The turning of the year is often a time for making positive changes. Although it may not immediately spring to mind, improving the safety of lone workers should feature highly on every employer’s list of resolutions.
Working alone is perfectly legal and in fact part and parcel of many occupations, encountered by most employees at some point during their career. If the appropriate precautions and procedures are put in place this can often be carried out safely with no issue. However, lone working does come at a greater risk if problems do arise, these can not only be more dangerous if faced alone, but getting help can also be more challenging.
Risks to Lone Workers
Slips, trips and falls are a common danger to workers, causing around a third of all non-fatal injuries to employees reported to the Health and Safety Executive (HSE) in 2016/17. It’s easy to see why this poses such an issue for lone working employees in
The British Transport Police, who are responsible for the safety and security of the public on our railways, state that using trains is the safest form of travel in Britain. It’s how nearly 10% of us commute to and from work.
However, reported sexual offences on trains have more than doubled in the last five years according to statistics obtained by a recent Freedom of Information request.
British Transport Police report that 1,448 offences were reported in 2016-17, up from 650 in 2012-2013. The statistics, which covers the national rail network and London’s Underground system shows the majority of the incidents were sexual assaults on females aged 13 and above.
The report is consistent with data released by the BTP last year which saw “violence against the person” incidents had increased by 12.5 per cent year-on-year. In seven cases, the victim was killed.
The rise in reported assaults, particularly sexual offences doesn’t come as a surprise to some, citing it’s possibly a better awareness on how to report offences among
“Work’s Christmas party was last night. Great laugh. Always good to let your hair down at this time of year. Probably had a few too many drinks and now regretting it this morning. I’m on the early shift… I’ll never learn.
“Still, I’ve had a few hours kip, made myself a strong coffee and freshened up with a shower. I feel fine except for this hangover. Stuck in traffic doesn’t help.
“There seems to be a hold-up further down the road. What’s that? Looks like the sign says ‘Police Drink Drive Checkpoint’. Not sure what’s the point of that in the morning. They want to be out in the evening catching those who stupidly drink drive and endanger all of us.
“Now what? They’re pulling me over? Now I’m going to be late for work. Good Morning Officer. What’s up? Breathalyse me? I had a few bevvies last night but I’m fine now.
“I’m sorry, there must be some mistake. Your breathalyser must be faulty. Arrest me
As temperatures in the UK plummet to below freezing, experts are suggesting this current cold snap may be a sign of things to come, with some predicting the worst winter in over 5 years.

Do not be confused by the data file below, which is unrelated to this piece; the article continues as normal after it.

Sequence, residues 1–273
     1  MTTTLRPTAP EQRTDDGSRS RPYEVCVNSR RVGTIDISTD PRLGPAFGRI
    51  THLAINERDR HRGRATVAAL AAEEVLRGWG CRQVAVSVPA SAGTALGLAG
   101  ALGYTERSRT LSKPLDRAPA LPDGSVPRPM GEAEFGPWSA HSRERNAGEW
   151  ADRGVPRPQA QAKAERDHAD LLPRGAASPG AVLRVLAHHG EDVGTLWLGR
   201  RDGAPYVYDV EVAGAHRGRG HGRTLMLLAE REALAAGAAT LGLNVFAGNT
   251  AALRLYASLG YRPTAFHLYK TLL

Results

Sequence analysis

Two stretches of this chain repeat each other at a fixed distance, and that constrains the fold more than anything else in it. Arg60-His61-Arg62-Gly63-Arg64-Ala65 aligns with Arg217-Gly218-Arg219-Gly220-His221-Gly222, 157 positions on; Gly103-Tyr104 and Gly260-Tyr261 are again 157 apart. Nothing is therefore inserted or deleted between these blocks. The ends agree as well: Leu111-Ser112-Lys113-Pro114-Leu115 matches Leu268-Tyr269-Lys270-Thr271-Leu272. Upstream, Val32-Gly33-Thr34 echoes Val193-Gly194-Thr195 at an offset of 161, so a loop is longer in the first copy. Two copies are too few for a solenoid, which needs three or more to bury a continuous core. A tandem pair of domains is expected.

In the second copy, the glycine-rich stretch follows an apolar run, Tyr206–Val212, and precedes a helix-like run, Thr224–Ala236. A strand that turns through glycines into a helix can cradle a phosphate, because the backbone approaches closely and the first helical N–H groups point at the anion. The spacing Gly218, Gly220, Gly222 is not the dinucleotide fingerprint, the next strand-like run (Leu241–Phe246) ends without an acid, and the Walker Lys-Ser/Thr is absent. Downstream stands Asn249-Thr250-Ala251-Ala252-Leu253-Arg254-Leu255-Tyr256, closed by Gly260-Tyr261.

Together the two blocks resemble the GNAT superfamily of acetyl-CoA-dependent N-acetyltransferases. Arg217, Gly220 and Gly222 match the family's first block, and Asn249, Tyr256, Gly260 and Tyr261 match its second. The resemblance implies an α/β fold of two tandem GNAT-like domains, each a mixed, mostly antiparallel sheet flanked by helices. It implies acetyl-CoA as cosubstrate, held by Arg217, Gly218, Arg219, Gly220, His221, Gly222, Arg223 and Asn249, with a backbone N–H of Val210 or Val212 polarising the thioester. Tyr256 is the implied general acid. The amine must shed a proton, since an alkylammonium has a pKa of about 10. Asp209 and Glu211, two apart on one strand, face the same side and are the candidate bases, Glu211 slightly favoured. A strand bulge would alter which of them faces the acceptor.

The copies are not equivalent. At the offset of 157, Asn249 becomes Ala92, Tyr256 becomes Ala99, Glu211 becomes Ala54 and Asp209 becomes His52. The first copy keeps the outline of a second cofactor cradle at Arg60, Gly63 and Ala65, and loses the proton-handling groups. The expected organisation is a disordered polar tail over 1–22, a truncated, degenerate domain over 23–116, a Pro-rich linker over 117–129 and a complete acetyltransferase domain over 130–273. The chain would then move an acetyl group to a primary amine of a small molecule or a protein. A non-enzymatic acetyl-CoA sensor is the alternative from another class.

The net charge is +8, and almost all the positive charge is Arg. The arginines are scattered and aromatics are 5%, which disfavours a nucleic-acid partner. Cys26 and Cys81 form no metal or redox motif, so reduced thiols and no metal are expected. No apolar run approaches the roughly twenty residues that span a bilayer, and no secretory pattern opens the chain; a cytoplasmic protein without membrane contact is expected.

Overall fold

Public Health England have issued a warning to prepare for a long spell of cold and advising those at risk to take precautions. In the workplace colder weather can have an adverse effect on employees, not only their productivity but it can also make carrying out some roles more hazardous.
What does the law say?
You may be surprised to hear that legally there is no minimum or maximum temperature in the workplace that employers must stick to, only a number of guidelines.
Regulation 7, under the Workplace (Health, Safety and Welfare) Regulations 1992 states: “During working hours, the temperature in all workplaces inside buildings shall be reasonable” and “provide reasonable comfort without the need for special clothing.”
Guidance on working temperature varies depending on the nature of the environment, with a suggested minimum temperature of 16 degrees. For employees doing physical work this is lowered
Abuse experienced by shopworkers has risen by a quarter in the past year according to a survey conducted by retail union Usdaw, the Union of Shop, Distributive and Allied Workers.
In 2016 around two thirds of those working in shops were verbally abused, with 40% claiming that they had been threatened whilst at work, an increase of 38% on the previous 12 months.
Some of the incidents reported by participants range from verbal abuse dished out by disgruntled customers, to physical assaults and threatening behaviour involving the use of weapons. In one example, a frozen gammon was thrown at a store employee by an irate member of the public. Other cases include threats of physical violence being made against staff, with some even being followed home after work.
Shoplifting and refusal to sell age restricted goods are often flashpoints, although workers are also commonly targeted when they are most vulnerable for example when working alone, handling money, taking deliveries or locking up.
Combining this with recent news that crime in England and Wales is rising year on year, against a